Since December 1996, Sirocco Resources N.L. (SRO) has been progressing planned recommencement of operations at it’s Toms Gully gold project near Darwin in the Northern Territory. The Toms Gully mine was last operated by Kakadu Resources Ltd in 1995.
A 3 staged development concept has formed the basis of this plan as follows:
Stage 1 - Re-commissioning of the existing process plant using tailings from the previous operations, followed by open cut ore sources from the nearby Quest 29 prospect.
Stage 2 - Commence mining operations from underground at Toms Gully and blend this ore with ore from Quest 29.
Stage 3 - Optimize the operation.
In the pre-feasibility study it is noted that the operational timing is not prescriptive. Current thinking involves allowing about 1 year for each stage to be completed. The staging is being undertaken to minimize capital expenditure from capital reserves. The pre-feasibility study focuses on Stage 1 of the plan. This notice of intent is for this Stage 1 only. A revised notice of intent will be issued for Stage 2 (recommencement of mining operations from underground) at that time.
Detailed drilling to shallow depths (<50m) at Quest 29 in 1997 delineated a total resource of 2.2 million tonnes at 2.0 g/t Au (138,000 contained ounces of gold) in two zones, the West Koolpin and the Zamu Dolerite. A separate report providing details of this programme has already been submitted to the Northern Territory Department of Minerals and Energy. During the pre-feasibility study, preliminary pit design showed that 0.8 million tonnes at 2.2 g/t Au (0.4 g/t Au cutoff can be mined from two shallow pits at a waste to ore ratio of 3.2: 1.
Cyanide bottle roll tests have been undertaken on 33 composite samples from both resources at Quest 29 to examine lateral and vertical variability within the resources. These tests have allowed characterization of two main ore types viz. oxide and sulphide (primary). There may also be a transitional zone in the Zamu Dolerite zone. Recoveries in the oxide zones are excellent exceeding 90%. Lower recoveries occur in the Zamu Dolerite sulphide zone in particular. Further development metallurgical testwork is currently underway to resolve the issues.
The pre-feasibility study discusses environmental issues particular to the project including:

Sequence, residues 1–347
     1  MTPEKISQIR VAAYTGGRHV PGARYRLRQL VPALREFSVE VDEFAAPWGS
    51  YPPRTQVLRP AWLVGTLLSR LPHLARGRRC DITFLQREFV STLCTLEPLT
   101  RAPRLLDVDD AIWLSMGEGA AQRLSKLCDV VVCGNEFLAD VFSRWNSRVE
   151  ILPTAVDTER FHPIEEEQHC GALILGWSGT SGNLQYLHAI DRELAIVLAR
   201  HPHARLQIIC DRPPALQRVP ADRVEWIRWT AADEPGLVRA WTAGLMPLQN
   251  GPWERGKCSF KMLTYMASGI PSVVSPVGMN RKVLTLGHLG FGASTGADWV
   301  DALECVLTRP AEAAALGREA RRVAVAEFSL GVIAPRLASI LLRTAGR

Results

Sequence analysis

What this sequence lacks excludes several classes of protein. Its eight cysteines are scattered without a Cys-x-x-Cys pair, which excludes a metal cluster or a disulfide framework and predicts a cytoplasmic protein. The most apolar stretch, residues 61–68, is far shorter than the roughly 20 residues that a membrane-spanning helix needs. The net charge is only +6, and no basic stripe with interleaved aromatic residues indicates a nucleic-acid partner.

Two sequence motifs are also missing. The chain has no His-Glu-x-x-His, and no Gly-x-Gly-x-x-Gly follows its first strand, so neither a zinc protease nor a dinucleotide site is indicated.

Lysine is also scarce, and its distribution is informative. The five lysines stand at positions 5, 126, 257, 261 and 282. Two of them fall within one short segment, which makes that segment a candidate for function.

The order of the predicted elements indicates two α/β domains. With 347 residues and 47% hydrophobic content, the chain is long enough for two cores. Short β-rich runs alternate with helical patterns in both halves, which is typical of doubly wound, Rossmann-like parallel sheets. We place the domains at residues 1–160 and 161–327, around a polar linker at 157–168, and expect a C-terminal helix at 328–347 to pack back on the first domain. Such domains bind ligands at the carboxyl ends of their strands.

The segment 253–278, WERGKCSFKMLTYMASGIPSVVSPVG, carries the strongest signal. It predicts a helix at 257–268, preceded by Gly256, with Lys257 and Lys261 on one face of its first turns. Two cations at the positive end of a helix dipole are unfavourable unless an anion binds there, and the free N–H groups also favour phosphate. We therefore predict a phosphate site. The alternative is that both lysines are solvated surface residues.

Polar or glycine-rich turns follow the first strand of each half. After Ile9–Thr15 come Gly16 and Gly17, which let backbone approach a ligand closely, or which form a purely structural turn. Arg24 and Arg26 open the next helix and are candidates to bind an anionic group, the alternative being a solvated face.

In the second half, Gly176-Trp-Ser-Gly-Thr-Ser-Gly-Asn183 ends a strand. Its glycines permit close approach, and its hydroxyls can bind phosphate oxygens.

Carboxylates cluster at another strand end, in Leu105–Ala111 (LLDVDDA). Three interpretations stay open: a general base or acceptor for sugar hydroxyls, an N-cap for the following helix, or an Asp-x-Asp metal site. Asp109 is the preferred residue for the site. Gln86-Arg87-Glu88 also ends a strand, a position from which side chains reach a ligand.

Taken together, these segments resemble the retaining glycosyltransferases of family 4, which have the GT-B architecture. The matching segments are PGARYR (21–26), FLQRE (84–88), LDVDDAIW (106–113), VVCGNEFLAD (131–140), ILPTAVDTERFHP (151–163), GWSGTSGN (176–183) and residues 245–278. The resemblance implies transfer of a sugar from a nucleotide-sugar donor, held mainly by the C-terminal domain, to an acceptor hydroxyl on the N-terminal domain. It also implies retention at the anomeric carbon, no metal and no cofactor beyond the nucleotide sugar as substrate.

- Dewatering of acid mine water in the Toms Gully pit
- Containment of all wastes including sedimentation on both sites
Toms Gully is an existing mine site with infrastructure well established to control all potential environmental hazards in accordance with all Government regulations. All necessary permits are in place. Quest 29, as a new operational site, will establish controls within the draft guidelines outlined in the pre-feasibility study report and this notice of intent.
Licenses were in place for controlled release of acid water from the Toms Gully open pit into the Mt Bundey creek, during high creek flow events in the 1998 'wet season'. Controlled release in past 'wet seasons' has been shown to be effective. Careful independent monitoring of these releases has shown no damaging environmental effects from water toxicity. Following the completion of the 1998 'wet season', storage of residual water will be in evaporation ponds. Continued dewatering of further inflows will take place, however, this water is likely to be neutral to mildly acidic and suitable for discharge into the landowner's artificial wetland.
Infrastructure and services at Quest 29 will be established generally using refurbished secondhand equipment. The access road from the Arnhem Highway to Rustlers Roost Mine road requires upgrading from the turnoff to the Quest 29 site (about 10 kilometres) for ore haulage to Toms Gully and access for equipment. Site roads, power and water supply, office and workshop, a heap leach pad, associated ponding and stripping columns, pit bunding, creek diversion and a siltation pond and waste dump site(s) will need to be established for Stage 1 at Quest 29. An office upgrade and refurbishment of the process plant at Toms Gully will also need to be undertaken for Stage1.
SRO proposes to employ personnel on individual contracts and will operate on various shift arrangements depending on the final configuration of Stage 1. An accommodation strategy involving nearby available local motels, as well as own housing with transport from Humpty Doo is being considered. Because of the project location, even commuting from Palmerston (Darwin), about 1 hours drive, may be possible.
The pre-feasibility study report concludes that further studies are warranted to enable a full feasibility study to be prepared by late July 1998 (current schedule). The work programme is detailed in the pre-feasibility study report.
The purpose of this notice of intent is to involve the Northern Territory Department of Minerals & Energy in a consultative planning role, thereby assisting the Company in its feasibility study planning. This will enable the Company to respond to Government requirements during the feasibility study and enable the project to proceed as soon as possible following completion of the feasibility study, the final notice of intent, formal Government approval and ultimately the Board's decision to mine.